Having spent a career in federal law enforcement, this writer understands the tension inherent in our constitution as the rights of the accused are balanced against the rights of the government. Our courts, of course, have the burden of determining when the rights of one supersede the rights of the other. Nevertheless, the recent revelation by the Omaha World-Herald, through reporter Todd Cooper, that FBI agents in Omaha planted a listening device in the attorney-clergy room of the Douglas County jail is, at minimum, disappointing. In United States constitutional law the expectation of privacy is a legal test which is crucial in defining the scope of the applicability of the privacy protections of the Fourth Amendment to the United States Constitution. Basically, the test for the courts is whether a reasonable man would have an expectation of privacy in a particular setting. The courts have ruled, for example, that a phone booth has that expectation and more to the point, so does an attorney-clergy room in a county jail.
In this case, the agents involved felt they’d found a “loophole” that allowed them to plant a listening device in a legally protected area. But whether a court agrees or not, one must ask: at what price? Imagine you were the one whose conversations were taped. Whether in an attorney-clergy room, a confessional or in your own home, would you feel violated to learn the government had recorded you without obtaining a warrant? Most people, no doubt, would be outraged. Do we, as citizens, have a right to expect our government and its agents to act in accordance to the intent of the law or should we expect them to test its limits whenever possible? The government’s failure to obtain a warrant in the current matter brings to mind the adage “it’s better to ask forgiveness than permission”.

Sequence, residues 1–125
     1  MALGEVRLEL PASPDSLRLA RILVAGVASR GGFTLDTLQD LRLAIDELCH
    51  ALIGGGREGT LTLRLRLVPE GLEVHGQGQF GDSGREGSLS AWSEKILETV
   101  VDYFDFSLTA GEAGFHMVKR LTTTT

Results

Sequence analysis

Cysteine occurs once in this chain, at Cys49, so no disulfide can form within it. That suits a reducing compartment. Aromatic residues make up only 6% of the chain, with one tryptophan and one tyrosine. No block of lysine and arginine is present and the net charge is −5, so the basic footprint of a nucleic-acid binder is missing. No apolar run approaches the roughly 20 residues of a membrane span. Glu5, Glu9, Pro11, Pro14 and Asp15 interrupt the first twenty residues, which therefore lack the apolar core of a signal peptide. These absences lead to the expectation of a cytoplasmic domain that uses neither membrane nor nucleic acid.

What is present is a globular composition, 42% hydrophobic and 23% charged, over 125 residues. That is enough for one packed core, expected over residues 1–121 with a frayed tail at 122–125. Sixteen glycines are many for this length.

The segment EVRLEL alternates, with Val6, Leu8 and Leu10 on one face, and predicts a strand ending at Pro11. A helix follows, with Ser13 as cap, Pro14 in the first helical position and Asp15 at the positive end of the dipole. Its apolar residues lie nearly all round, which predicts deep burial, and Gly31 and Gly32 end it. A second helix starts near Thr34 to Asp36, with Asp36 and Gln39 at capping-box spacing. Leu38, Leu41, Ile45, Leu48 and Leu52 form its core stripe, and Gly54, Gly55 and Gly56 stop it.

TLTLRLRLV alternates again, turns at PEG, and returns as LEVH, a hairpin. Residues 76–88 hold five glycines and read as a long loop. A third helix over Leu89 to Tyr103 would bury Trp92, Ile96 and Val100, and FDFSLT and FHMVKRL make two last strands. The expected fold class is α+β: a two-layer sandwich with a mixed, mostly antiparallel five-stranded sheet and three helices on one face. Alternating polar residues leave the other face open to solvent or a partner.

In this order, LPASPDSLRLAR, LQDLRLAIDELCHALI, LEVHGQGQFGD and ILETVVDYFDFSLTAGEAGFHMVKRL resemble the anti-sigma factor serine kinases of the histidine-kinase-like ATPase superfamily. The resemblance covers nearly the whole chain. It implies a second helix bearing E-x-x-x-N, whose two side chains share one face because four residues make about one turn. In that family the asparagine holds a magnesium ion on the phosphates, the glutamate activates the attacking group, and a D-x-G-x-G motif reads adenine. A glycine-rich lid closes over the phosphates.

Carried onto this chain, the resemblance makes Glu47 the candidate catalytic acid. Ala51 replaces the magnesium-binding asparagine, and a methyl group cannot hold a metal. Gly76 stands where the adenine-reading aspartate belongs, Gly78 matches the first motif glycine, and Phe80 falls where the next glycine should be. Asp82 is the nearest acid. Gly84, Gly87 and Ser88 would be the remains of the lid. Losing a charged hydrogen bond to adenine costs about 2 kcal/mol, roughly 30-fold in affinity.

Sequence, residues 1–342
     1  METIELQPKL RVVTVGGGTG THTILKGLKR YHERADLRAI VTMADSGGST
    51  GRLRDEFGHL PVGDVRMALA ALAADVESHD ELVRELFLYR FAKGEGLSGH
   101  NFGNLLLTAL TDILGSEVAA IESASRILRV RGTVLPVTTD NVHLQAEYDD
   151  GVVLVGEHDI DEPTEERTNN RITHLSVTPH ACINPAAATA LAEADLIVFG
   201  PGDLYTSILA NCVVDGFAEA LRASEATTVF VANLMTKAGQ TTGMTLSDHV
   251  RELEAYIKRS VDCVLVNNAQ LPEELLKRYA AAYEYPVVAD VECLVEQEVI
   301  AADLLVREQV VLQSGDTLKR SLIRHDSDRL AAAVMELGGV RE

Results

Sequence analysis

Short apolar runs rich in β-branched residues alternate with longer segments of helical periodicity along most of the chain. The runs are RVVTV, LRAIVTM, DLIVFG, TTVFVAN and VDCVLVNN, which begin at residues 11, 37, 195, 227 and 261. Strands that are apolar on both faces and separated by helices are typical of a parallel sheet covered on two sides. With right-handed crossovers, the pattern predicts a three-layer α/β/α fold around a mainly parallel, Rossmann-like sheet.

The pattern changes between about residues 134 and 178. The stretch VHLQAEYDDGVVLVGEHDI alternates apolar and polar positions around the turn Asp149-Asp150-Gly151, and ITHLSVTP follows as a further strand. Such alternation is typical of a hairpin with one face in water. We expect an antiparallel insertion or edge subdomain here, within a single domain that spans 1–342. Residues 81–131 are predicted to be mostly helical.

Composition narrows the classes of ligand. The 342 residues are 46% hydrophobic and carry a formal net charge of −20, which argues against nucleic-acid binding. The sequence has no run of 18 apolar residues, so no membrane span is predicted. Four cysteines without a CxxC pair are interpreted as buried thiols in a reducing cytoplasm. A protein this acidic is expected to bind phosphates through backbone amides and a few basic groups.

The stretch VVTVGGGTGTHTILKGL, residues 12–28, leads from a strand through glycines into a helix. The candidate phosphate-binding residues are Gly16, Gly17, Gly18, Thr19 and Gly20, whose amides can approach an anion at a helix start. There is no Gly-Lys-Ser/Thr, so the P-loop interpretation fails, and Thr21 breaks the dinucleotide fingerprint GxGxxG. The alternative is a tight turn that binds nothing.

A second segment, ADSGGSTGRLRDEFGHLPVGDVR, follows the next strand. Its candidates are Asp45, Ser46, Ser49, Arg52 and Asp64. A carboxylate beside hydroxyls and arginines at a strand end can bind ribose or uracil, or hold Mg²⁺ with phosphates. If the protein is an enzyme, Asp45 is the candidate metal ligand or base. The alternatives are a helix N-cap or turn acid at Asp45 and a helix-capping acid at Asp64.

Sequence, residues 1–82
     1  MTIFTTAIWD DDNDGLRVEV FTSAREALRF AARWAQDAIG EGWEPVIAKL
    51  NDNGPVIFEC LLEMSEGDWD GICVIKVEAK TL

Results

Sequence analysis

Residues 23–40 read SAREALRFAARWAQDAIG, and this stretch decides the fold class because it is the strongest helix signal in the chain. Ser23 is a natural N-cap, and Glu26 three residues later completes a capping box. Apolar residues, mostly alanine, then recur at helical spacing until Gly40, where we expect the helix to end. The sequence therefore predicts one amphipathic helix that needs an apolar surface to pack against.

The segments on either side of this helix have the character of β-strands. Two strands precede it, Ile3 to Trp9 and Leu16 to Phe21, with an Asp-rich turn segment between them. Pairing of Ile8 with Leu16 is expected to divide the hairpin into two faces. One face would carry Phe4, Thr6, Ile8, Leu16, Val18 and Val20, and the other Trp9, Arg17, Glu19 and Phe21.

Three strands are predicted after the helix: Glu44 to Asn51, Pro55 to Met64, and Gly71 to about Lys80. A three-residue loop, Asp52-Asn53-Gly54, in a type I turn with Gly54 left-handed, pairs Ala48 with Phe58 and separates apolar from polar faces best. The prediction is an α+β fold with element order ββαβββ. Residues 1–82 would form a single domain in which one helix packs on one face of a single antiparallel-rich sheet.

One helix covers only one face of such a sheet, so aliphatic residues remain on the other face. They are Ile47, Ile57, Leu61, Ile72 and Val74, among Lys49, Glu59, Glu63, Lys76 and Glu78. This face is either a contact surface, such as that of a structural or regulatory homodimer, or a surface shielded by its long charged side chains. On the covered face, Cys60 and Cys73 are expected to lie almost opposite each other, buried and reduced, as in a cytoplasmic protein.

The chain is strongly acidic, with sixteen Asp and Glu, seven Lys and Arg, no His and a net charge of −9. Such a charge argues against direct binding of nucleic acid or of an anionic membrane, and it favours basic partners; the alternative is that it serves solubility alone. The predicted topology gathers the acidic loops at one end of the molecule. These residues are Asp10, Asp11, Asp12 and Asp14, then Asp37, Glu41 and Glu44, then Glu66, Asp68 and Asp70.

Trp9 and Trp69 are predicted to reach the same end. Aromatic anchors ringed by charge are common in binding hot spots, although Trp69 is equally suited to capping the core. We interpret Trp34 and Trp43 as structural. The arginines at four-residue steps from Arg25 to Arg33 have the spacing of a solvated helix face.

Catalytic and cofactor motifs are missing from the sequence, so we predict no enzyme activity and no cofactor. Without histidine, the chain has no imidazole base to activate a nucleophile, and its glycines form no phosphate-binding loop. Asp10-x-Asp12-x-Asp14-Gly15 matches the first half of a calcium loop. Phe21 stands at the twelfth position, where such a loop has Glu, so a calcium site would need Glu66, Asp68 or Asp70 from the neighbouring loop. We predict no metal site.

Do you remember when we learned that FBI agents assigned to interview prisoners at Guantanamo refused to condone the torture of their suspects? This writer felt a sense of pride that those agents were not only men and women of character, but they were expressing supreme confidence that the Constitution of the United States is a viable document for our criminal justice system, even in matters so important as to impact the very existence of our country. Now we learn that Omaha FBI agents planted a listening device in the Douglas County jail attorney-clergy room over a marijuana case. Can this be the same FBI?